I woke to the sound of the wind howling down the chimney and came downstairs to see the trees swaying perilously. I was glad there are none that are too close to the house and dodgy. We had a power cut, just when I was happily engaged in reading blogs. It didn’t last long, but I left it a while before turning anything back on as it gets boring – it always blacks out just before you were intending to save your work, doesn’t it?
I went into town, bought fish from the market – Matt said it had been the quitetest morning for trade that he could remember; I bought sea bass and mussels, so at least he took £9 he might not have otherwise. I fetched 4 lbs of Seville oranges and some vegetables from Al and then I picked up the meals on wheels box and delivered lunches to our customers. It was a good excuse to drive and not to cycle. I saw a few people pushing their bikes, but no one was riding, because it wouldn’t have been safe. At one stage, I don’t think it was safe to drive either.
Shortly afterwards, we had a hailstorm, and then the wind died down abruptly.
I’d had a WRVS newsletter in the post, addressed to me as ‘Project Manager’. This annoys me mightily – I’m not a Project Manager, I simply do the rota for a village Meals on Wheels delivery. I don’t want a silly title that doesn’t reflect the small job I do. When I started doing this, there was a small honorarium, which I accepted and put in a charity box – a few years later it was decided that my National Insurance number was required, it would be paid direct to my bank account and called a ‘wage’. I wrote to say I was a volunteer and not an employee and I haven’t accepted it since. The thought of taking it, having to mention it on my tax return and then filling in a gift aid form is just too annoying. And frankly, if I was doing it for the money, I’d not be paid enough. I’ll happily work for nothing, but not for money if it’s less than I’m worth.*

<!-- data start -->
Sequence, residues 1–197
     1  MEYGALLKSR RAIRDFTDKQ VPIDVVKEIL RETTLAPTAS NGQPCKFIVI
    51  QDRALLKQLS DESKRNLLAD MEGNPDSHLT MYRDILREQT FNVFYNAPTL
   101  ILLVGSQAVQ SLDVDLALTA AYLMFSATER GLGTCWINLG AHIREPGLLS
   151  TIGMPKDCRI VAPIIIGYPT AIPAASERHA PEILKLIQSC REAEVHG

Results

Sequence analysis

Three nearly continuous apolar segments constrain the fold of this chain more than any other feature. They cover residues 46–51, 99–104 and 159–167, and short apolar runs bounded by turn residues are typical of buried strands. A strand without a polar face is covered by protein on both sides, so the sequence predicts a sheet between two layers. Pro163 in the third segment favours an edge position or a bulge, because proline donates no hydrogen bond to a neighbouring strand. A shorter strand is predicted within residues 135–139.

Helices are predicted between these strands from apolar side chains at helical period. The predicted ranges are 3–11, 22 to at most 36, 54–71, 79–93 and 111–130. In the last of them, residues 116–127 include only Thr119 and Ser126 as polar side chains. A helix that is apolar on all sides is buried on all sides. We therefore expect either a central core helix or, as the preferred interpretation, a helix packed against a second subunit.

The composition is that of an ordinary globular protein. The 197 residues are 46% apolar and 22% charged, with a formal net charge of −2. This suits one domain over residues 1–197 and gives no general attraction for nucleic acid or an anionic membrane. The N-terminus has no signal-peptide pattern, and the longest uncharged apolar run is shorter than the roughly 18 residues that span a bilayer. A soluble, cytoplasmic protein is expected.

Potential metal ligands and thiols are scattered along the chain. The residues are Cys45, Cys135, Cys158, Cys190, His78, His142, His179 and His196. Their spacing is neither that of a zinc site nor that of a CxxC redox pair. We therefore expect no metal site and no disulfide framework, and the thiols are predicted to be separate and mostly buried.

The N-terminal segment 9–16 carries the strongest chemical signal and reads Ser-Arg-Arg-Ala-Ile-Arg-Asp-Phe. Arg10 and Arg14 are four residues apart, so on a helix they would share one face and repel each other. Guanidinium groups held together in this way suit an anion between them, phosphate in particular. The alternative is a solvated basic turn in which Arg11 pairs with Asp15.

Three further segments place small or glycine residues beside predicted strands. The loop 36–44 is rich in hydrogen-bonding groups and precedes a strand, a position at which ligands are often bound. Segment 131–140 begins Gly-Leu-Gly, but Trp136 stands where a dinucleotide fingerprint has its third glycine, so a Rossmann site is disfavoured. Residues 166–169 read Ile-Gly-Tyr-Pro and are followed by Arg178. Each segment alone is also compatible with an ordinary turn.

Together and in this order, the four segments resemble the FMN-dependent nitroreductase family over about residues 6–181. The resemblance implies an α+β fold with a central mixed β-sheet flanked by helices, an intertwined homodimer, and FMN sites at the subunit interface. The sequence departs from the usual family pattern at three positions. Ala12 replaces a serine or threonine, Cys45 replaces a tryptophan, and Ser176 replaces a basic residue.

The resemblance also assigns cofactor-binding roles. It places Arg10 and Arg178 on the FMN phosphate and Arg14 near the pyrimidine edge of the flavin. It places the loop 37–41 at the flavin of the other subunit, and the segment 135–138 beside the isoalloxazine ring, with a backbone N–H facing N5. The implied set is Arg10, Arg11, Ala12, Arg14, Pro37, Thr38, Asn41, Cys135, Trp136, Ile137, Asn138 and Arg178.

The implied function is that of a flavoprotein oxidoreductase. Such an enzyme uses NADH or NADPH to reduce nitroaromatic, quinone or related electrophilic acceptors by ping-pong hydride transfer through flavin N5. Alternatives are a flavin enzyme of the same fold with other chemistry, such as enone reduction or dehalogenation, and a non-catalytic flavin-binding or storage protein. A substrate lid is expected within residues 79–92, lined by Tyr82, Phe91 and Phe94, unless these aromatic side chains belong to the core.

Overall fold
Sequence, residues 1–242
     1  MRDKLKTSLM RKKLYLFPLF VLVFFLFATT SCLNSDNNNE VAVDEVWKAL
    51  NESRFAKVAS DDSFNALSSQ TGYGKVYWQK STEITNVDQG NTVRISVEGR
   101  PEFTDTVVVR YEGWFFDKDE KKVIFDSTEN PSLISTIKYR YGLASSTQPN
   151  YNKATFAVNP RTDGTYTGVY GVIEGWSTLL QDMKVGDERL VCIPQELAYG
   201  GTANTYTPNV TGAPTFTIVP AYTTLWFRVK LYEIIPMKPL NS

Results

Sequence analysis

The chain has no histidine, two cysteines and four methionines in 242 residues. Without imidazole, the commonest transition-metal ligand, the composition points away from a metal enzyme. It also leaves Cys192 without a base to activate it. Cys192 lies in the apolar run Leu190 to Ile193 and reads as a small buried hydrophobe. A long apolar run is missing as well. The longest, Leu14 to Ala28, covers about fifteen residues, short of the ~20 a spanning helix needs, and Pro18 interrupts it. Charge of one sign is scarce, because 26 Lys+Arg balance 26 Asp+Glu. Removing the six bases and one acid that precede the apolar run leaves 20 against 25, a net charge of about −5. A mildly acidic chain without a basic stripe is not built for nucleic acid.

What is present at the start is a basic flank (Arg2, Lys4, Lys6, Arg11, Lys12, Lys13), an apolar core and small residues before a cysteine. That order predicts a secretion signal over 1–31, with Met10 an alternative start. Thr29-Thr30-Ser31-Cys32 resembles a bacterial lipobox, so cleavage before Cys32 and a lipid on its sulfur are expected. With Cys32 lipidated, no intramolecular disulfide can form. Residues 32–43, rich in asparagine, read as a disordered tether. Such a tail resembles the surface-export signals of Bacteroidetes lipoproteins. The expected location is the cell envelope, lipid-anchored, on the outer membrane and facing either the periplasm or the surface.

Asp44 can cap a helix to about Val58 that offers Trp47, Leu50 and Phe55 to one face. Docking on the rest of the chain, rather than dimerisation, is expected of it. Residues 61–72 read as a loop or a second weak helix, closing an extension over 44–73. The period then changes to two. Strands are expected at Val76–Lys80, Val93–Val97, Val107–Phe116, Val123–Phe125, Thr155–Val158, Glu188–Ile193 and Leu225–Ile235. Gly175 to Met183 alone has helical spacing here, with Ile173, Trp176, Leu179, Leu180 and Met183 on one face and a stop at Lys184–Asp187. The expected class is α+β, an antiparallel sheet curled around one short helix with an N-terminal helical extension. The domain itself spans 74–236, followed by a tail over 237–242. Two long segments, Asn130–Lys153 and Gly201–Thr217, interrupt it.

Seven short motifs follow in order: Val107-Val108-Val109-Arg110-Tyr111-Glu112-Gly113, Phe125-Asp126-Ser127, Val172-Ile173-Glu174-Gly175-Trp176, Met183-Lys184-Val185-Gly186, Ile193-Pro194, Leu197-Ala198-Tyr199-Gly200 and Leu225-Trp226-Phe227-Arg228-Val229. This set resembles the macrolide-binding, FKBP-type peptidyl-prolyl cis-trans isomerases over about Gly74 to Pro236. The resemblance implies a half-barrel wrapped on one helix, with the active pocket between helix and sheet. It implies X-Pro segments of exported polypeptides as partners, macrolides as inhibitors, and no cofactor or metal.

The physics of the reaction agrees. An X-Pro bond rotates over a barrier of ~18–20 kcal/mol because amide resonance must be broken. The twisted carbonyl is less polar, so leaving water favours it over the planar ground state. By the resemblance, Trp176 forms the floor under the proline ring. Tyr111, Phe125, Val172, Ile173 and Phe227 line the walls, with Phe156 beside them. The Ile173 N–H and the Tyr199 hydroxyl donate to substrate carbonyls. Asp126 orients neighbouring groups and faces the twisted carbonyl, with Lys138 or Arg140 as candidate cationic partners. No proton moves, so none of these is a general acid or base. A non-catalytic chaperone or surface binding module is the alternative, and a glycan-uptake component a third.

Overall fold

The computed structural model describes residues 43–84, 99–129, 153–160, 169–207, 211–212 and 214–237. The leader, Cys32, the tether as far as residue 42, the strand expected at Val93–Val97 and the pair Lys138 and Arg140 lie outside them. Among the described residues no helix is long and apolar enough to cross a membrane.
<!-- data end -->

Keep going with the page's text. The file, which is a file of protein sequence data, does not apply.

I had the mussels for lunch. I scrubbed them and left them to lounge bewildered in a bowl of water for a while. I looked for the bottle of nice Chablis that Ro and I had started a couple of nights ago, but I couldn’t find it and had to make do with the Argentinian Chardonnay in the fridge. Tilly hovered hopefully, until I explained that mussels are much like crab, in that they’d make her go ‘Roo, Roo’, honkily. Then she drifted over to the Sage. He thought she needed to go out, but I translated her bodylanguage for him. She was asking him to tell me to get out of her chair, because she wanted to lie down. As I explained, she writhed expressively – I was saying what she would say, if only she had opposable thumbs. She could do and say anything, she tells me, if only she had opposable thumbs.
This afternoon and evening, I’ve made my third and fourth batches of marmalade. That may be enough for the year – or I may have one more effort. I enjoy making marmalade. I haven’t been eating it on toast, but I do lick the spoon…
*’arrogant little tit’, you’re thinking? That’s quite an accurate description and I won’t argue.